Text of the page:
Anyone good with SPSS? - likely an easy problem!

Discussion in 'Community Discussion' started by davidjearly, Jun 14, 2012.

  1. davidjearly macrumors 68020


    Sep 21, 2006
    Glasgow, Scotland
    I have carried out an evaluation of a product using likert scale questionnaire and imported the date into SPSS. I have my columns arranged as follows:

    ID, Group, Q1, Q2, Q3, Q4

    I have two different groups completing the questionnaire, with each person a different numerical ID. Under the Q columns, I have the score given for that person (from 1-5) from the Likert Scale.

    In all there are over 300 responses.

    I am running analysis using 'descriptive statistics/frequencies' from the menubar and not getting the tables I am looking for. Basically, it is including all respondents together, whereas I would like it to compare the two groups in the tables.

    How can I make it do this?

    In addition, if you have any further tips as to what analysis I could perform on this type of data in SPSS I'd be most grateful. I'd like to show that there isn't a significant difference in opinions between the groups, and from looking at the data, it appears that this is the case.

  2. Atius macrumors newbie

    Apr 13, 2012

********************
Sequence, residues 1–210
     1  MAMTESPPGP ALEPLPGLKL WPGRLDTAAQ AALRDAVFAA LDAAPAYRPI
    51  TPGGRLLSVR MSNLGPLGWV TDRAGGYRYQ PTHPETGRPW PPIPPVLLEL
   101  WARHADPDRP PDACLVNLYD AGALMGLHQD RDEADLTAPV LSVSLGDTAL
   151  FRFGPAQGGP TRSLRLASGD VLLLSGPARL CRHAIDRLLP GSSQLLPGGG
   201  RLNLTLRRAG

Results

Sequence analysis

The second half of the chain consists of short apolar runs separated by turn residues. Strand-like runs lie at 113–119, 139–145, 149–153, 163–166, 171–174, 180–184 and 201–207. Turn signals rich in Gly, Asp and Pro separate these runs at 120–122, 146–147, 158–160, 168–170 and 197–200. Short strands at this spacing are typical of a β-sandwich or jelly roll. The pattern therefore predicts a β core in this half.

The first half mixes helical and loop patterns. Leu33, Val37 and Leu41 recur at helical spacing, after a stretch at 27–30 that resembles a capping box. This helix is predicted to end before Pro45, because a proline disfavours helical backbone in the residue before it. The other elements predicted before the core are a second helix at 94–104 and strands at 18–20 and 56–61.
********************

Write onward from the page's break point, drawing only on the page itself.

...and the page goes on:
I hope I understand this correctly cos what type of test you do depends on this:

    You have two groups (group1) and (group2). Both groups answered the same set of question (Q1), (Q2), etc.

    You want to compare how (group1) did vs (group2) in each question?

    If I did understand you correctly you need to do a The Independent Samples T Test to compare the mean scores of two groups of each variable.

    HOW TO:

    In spss -> analyze -> compare means -> Independed samples t-test
    - put all the questions (Q1), (Q2), etc into the test varible(s)
    - Put the group into grouping varibles, choose define groups and define them by how you did it in spss.
    don't change anything in options or bootstrap

    hit the ok button and voila, means have been compared and you can see the difference between the groups and if the "sig." is below 0.05 you have a statistical difference in the groups.

    And if you are unsure how to read the results just let me know and I can help, because even if there is a difference in the groups it would be wise to calculate the size of effect according to Cohen's d afterwards cos that can tell you a lot about the final results.
  3. davidjearly thread starter macrumors 68020


    Sep 21, 2006
    Glasgow, Scotland
    Atius, at first glance, your assumptions seem correct. Thanks ever so much for replying. I will attempt this later and get back to you!


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